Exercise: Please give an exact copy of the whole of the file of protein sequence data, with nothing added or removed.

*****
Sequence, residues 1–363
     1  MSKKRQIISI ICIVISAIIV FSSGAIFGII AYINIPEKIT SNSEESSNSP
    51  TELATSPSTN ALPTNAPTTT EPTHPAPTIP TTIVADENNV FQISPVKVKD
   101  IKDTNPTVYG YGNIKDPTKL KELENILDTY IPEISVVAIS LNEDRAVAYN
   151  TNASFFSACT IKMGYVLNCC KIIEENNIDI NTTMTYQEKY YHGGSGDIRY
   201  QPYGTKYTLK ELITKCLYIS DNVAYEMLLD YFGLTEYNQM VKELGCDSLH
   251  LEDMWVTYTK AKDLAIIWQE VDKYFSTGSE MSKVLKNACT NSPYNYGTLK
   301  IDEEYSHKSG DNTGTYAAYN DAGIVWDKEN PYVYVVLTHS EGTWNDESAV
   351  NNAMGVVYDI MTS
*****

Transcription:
Sequence, residues 1–363
     1  MSKKRQIISI ICIVISAIIV FSSGAIFGII AYINIPEKIT SNSEESSNSP
    51  TELATSPSTN ALPTNAPTTT EPTHPAPTIP TTIVADENNV FQISPVKVKD
   101  IKDTNPTVYG YGNIKDPTKL KELENILDTY IPEISVVAIS LNEDRAVAYN
   151  TNASFFSACT IKMGYVLNCC KIIEENNIDI NTTMTYQEKY YHGGSGDIRY
   201  QPYGTKYTLK ELITKCLYIS DNVAYEMLLD YFGLTEYNQM VKELGCDSLH
   251  LEDMWVTYTK AKDLAIIWQE VDKYFSTGSE MSKVLKNACT NSPYNYGTLK
   301  IDEEYSHKSG DNTGTYAAYN DAGIVWDKEN PYVYVVLTHS EGTWNDESAV
   351  NNAMGVVYDI MTS